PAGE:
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Discussion Starter · #1 ·
To get a hotter spark, I use non-resistor plugs in my CBR. I read about how Honda uses a resistor in the spark plug cap, right above the spark plug. I found a site that describes how to take out the resistor http://www.kamware.com/vtr1000f/resistor1.htm.

The site describes how to do it to a two cylinder SuperHawk, but my old CBR had the same thing. It is actually easier than it sounds. All you need is a screwdriver having the right size head to fit in the sparkplug cap and still fit into the wide screw slot. The hardest part was finding 5mm screws. I did this modification over a year ago, and it runs great.
 

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Discussion Starter · #3 ·
Good, ShanMan. I just assumed that a resistor in the cap and a resistor in the plug would cut down the spark voltage. And I wanted the hottest spark. I did a search on Yahoo and found this site about ultralights http://www.ultralightnews.com/enginetroublshooting/resistorcapsandplugs.htm. Basically, the resistors cut down the spark, but make it last longer. The problem is if any fuel or moisture gets on the plug. With the large resistance, there is not enough juice to jump the gap and there's no spark.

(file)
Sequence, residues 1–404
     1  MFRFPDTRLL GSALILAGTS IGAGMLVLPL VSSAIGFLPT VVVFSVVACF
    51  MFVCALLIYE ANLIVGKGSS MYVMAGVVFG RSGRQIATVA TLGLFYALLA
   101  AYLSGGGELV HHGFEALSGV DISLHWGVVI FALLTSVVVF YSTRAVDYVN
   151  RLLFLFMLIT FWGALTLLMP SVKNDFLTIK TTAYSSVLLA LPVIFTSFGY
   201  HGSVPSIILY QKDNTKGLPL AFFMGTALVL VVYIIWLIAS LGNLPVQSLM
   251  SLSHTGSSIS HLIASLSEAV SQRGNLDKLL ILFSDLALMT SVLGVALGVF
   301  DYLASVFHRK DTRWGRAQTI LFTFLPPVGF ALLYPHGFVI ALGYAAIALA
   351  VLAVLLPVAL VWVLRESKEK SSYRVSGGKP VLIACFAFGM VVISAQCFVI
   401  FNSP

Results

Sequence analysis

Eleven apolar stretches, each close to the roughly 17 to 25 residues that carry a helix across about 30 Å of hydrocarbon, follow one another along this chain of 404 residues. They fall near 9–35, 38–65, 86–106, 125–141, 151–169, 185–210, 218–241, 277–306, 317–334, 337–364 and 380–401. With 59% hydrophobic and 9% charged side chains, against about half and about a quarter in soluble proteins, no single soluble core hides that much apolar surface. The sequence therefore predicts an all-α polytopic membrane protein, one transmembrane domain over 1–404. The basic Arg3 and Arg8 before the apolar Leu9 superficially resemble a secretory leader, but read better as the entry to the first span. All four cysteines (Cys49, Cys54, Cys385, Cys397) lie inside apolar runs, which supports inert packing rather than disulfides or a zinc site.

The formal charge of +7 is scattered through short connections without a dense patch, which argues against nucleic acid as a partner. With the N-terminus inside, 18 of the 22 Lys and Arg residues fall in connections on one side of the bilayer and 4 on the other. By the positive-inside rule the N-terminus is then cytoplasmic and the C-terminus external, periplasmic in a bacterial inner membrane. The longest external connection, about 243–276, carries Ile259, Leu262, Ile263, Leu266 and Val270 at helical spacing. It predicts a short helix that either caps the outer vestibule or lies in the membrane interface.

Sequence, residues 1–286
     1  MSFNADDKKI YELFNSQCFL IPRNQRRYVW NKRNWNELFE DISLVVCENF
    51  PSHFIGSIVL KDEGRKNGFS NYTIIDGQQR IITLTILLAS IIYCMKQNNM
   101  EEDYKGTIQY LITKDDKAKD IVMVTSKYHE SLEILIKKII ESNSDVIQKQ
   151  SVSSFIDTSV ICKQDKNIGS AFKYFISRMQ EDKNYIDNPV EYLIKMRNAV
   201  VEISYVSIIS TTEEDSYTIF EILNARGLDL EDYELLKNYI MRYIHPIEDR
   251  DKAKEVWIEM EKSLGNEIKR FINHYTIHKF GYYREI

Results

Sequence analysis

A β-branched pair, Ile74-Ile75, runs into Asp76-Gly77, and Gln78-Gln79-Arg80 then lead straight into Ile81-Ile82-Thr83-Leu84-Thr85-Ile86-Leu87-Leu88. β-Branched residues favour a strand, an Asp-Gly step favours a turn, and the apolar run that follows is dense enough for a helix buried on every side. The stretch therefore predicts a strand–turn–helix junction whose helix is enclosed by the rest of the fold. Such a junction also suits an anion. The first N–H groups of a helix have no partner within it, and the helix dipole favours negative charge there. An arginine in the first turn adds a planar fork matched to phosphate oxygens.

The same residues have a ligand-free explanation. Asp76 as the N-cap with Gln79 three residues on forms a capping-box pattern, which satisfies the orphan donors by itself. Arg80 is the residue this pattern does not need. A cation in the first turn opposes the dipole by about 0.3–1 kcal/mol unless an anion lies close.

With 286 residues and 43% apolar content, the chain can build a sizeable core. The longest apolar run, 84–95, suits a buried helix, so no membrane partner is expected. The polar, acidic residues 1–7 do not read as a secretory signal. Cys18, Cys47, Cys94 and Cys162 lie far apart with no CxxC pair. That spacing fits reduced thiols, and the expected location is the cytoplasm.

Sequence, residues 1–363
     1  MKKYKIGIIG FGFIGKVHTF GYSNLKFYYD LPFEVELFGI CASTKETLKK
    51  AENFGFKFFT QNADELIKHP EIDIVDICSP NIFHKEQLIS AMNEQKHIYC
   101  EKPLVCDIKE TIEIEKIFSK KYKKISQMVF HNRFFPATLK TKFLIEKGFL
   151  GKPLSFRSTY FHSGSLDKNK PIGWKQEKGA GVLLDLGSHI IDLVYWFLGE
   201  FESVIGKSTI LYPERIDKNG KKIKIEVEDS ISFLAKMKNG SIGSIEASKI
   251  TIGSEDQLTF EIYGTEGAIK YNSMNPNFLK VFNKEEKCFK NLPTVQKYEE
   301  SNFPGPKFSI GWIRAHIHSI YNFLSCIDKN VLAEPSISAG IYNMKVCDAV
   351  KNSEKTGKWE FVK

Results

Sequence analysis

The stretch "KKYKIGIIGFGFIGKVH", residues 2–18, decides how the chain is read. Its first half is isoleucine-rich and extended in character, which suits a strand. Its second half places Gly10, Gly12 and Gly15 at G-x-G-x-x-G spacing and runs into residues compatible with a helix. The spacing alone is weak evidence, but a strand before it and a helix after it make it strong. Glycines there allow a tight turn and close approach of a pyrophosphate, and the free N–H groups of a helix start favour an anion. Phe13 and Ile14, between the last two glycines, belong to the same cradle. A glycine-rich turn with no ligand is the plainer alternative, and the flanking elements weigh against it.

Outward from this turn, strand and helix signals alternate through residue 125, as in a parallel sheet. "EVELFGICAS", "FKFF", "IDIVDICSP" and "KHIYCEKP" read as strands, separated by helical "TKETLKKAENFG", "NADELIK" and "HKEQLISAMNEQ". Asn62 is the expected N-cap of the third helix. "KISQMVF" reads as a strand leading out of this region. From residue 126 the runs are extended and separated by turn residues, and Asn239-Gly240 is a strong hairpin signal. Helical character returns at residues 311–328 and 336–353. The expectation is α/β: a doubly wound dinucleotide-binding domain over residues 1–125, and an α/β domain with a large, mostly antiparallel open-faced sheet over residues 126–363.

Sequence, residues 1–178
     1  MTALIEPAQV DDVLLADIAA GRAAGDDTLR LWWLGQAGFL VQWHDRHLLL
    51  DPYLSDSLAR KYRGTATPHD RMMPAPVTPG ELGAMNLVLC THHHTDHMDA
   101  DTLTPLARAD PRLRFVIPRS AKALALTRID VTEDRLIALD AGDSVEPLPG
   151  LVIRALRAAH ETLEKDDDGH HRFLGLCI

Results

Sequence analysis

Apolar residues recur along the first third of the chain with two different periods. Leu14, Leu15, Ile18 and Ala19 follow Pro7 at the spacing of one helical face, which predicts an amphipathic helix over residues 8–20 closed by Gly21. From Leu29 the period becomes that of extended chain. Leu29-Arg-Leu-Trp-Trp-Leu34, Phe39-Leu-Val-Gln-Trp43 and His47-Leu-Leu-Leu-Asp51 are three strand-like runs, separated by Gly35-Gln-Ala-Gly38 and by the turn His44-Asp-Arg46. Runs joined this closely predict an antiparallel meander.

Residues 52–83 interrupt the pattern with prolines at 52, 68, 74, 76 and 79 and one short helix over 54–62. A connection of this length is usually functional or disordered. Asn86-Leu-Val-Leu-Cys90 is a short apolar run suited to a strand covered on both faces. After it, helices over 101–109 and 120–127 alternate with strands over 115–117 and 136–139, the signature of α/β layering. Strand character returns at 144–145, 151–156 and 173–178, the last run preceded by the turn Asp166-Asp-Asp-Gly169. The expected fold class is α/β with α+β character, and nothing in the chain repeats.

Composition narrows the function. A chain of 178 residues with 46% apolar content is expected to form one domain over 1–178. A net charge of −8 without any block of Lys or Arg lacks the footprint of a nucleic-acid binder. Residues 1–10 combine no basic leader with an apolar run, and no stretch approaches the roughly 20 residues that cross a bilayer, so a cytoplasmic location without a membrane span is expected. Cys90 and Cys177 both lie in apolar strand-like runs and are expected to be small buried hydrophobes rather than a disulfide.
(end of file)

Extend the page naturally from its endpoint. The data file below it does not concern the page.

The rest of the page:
I've seen bikes that stopped running in heavy rain and thought that the wires or ignition got wet. Maybe it was moisture in the intake charge that got into the combustion chamber and prevented spark. My old Suzuki has high output (Dyna) coils and wires, and non-resistor plugs. It starts easier than my newer Honda.
 

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Discussion Starter · #5 ·
thirdgenlxi said:
So these resistors are in the coil-on-plug setup, right? Kinda hard to tell from the pics
Not sure about the coil-on-plug since I've never seen one. My 1990 CBR uses conventional coils and short spark plug wires. The spark plug wire has a long (about 8 inch) plastic/rubber extension that goes through the valve cover to get to the spark plug. The resistor is behind a screw (actually the metal snap for the spark plug) at the end of the plastic/rubber connection.

Even though yours has coil-on-plug, it has to have a similar plastic/rubber extension to get to the deeply-buried spark plug. If you look inside the p/r extension, at the metal connector that snaps onto the spark plug, and it has a slotted head that a screwdriver can fit into, you may have a resistor behind it.
 
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